Des is described as the glue that binds his neighbourhood of Ngaio. He’s also been responsible for the planting of hundreds of trees in the area and is a well-known tour guide at Zealandia. He and his husband John established the Civil Union Bill Support Society and played a key role in supporting the passage of the Civil Union Act 2004. They were the first couple in New Zealand to have a civil union.
Dr Ashley Robin Bloomfield
Dr Bloomfield is the Director-General of Health and the Chief Executive of the Ministry of Health. He is a recipient of this award for his outstanding leadership, his reassuring advice and the role he has played in helping to lead New Zealand’s extremely successful COVID-19 health response to date.
George Fowler/Hugo Grrrl
George (and his alter-ego, drag king Hugo Grrrl), is a comedy and cabaret producer, and founder of local alternative arts events company Hugo Grrrl’s Gigs. He leads a team of queer creatives and event producers to bring Wellington an incredible array of live theatre - from drag to comedy, from burlesque to poetry.
Hilleke and Mike Townsend (joint)
Hilleke and Mike founded the charity ReBicycle EkeRua which provides donated and second-hand bikes to refugees and people in need. It also helps refugee women learn cycle skills and provides them with a transport method that is accessible and environmentally friendly.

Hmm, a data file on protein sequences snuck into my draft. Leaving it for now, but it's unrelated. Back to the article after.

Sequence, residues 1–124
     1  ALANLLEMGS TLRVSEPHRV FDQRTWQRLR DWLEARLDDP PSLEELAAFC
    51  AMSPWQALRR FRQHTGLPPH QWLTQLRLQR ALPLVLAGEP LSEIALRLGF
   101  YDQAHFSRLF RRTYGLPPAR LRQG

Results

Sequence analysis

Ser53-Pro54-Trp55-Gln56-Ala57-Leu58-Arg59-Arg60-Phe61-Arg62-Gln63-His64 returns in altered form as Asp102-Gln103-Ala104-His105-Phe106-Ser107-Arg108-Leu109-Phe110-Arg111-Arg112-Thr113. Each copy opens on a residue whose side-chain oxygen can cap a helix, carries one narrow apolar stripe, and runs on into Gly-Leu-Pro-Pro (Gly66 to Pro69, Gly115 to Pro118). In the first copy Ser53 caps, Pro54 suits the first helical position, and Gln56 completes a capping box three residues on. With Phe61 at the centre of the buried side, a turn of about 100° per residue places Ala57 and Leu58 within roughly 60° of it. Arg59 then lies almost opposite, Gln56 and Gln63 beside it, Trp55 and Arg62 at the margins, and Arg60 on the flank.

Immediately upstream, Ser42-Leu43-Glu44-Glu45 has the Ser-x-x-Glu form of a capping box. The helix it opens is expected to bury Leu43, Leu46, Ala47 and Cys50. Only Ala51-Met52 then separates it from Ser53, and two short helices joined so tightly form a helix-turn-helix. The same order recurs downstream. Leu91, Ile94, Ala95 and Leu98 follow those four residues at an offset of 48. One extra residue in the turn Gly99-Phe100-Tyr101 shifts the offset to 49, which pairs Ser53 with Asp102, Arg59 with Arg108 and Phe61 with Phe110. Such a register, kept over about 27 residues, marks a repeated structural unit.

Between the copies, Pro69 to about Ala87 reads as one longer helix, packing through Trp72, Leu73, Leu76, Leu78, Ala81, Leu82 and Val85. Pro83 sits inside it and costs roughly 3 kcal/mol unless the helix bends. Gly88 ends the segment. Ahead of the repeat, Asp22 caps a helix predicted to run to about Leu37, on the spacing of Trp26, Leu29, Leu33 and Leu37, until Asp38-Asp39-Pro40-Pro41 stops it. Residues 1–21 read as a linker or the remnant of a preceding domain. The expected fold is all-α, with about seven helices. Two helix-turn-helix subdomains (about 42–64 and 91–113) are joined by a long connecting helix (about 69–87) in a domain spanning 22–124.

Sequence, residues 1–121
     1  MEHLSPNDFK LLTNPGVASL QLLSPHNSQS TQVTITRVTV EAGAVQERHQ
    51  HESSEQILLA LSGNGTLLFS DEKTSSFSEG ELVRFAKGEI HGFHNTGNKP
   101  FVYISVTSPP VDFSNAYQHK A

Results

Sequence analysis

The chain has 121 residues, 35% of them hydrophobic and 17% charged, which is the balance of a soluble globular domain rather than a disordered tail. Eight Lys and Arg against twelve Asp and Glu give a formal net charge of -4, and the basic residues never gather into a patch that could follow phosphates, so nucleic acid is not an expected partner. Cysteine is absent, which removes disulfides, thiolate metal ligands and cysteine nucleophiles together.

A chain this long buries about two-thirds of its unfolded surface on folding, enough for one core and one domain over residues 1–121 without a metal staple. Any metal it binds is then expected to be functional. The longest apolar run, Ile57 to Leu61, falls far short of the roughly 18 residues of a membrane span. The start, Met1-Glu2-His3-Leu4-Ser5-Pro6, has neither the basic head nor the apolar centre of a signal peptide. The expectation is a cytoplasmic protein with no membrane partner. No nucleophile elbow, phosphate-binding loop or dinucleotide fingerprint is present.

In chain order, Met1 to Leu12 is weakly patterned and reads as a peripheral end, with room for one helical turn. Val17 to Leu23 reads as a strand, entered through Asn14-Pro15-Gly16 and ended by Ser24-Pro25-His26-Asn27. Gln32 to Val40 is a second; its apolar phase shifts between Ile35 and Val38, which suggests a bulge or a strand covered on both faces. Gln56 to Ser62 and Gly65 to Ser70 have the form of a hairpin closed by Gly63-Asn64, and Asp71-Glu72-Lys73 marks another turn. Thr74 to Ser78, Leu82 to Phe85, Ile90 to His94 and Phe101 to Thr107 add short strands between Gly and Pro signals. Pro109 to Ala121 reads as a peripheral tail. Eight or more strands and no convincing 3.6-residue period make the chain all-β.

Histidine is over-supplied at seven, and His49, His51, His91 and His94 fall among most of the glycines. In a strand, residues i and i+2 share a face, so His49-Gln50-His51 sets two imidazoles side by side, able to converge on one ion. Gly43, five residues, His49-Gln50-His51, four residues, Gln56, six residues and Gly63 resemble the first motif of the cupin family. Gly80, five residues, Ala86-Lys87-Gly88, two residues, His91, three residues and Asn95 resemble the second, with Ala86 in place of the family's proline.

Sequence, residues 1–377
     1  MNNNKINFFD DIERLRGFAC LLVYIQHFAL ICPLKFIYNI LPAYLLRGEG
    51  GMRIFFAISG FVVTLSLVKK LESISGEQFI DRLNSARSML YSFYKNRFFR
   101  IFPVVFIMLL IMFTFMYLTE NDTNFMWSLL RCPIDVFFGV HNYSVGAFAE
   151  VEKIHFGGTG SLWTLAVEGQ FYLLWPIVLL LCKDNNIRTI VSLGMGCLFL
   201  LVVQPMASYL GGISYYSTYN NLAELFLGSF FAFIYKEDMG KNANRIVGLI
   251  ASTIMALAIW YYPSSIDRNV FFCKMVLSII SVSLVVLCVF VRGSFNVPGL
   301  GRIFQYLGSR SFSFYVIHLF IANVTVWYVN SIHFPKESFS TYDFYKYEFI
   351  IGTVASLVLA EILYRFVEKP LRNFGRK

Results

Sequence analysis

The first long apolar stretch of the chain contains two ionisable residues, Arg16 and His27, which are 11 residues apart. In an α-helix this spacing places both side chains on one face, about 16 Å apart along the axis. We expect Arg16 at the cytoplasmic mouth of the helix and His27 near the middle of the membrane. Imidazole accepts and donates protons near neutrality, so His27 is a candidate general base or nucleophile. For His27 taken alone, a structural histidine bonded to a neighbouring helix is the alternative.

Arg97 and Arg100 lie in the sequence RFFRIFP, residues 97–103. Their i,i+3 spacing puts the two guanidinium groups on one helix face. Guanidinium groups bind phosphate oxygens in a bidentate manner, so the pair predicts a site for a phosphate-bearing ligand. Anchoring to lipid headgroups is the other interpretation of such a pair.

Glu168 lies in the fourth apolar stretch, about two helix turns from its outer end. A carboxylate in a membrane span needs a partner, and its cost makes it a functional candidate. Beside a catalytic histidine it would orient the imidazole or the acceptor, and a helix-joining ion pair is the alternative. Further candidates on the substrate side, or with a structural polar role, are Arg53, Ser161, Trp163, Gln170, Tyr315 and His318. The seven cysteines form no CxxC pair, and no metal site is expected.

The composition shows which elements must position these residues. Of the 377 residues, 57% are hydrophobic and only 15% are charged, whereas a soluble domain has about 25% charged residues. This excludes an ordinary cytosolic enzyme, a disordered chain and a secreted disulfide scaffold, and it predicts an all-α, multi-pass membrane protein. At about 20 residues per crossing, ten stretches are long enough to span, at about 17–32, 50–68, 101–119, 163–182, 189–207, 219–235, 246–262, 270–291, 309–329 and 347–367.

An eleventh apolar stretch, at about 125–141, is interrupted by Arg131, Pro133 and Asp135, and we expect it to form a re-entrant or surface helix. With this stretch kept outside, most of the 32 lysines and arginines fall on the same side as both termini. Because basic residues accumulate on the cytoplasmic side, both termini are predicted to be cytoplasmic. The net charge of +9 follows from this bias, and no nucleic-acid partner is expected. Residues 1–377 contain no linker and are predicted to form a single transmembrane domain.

Lena Meinders has been described as ‘wahine toa’ who is passionate about preserving and promoting Māori tikanga, kawa, waiata and te reo.
Lena is Deputy Principal at Newlands Intermediate and Chair of the Ngā Hau e Whā o Paparārangi Marae. A member of the Marae for more than fifteen years, she facilitates the local rangatahi kapa haka group which has seen its membership grow to more than thirty students.
Ian has had a long and varied career in education and public service, including being Deputy Headmaster at Eton College in Britain, Headmaster of Wanganui Collegiate School and here in Wellington as Headmaster at Scots College.
He has served as Pro-Chancellor or Chancellor on the Council of Victoria University of Wellington, been a Wellington City Councillor and Deputy Mayor, and a Greater Wellington Regional Councillor.
In 2020, Meriann celebrated forty years of service at Youthline Wellington supporting the young people of Wellington.
Mike is one of the foundation members of Walk Wellington, an advocacy group that went on to become Living Streets Aotearoa, which focuses on improving conditions for walkers and creating a more liveable urban environment.
Mike was the Environmental Sustainability Representative on the Wellington Regional Land Transport Committee for six years and is currently a member of the Greater Wellington Regional Council’s Public Transport Advisory Group.
Patricia is well-known in the Wellington Volunteer Community. She has been involved for many years with Wellington Irish, the Mt Vic Hub, Innermost Gardens and more than a dozen other community groups focusing on pest eradication, neighbourhood connections and cycle advocacy.
Richard Hawke and Carole Willson
Richard first became a Scout Leader in 1990. Since 1998 Carole and Richard have been Scout Leaders at 1st Karori Scout Group, and – in addition – since 2000 they have also run 1st Karori Venturer Unit.
Richard Tait is retiring as the co-chair of the Wellington International Pride Parade, having organised the past two parades with the assistance of its board.